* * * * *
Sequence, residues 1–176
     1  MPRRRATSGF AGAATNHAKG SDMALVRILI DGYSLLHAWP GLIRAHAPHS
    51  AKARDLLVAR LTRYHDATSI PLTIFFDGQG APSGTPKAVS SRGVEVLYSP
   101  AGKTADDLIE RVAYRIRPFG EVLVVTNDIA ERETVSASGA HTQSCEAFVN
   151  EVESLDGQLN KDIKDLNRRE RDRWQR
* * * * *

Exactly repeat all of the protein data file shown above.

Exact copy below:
Sequence, residues 1–176
     1  MPRRRATSGF AGAATNHAKG SDMALVRILI DGYSLLHAWP GLIRAHAPHS
    51  AKARDLLVAR LTRYHDATSI PLTIFFDGQG APSGTPKAVS SRGVEVLYSP
   101  AGKTADDLIE RVAYRIRPFG EVLVVTNDIA ERETVSASGA HTQSCEAFVN
   151  EVESLDGQLN KDIKDLNRRE RDRWQR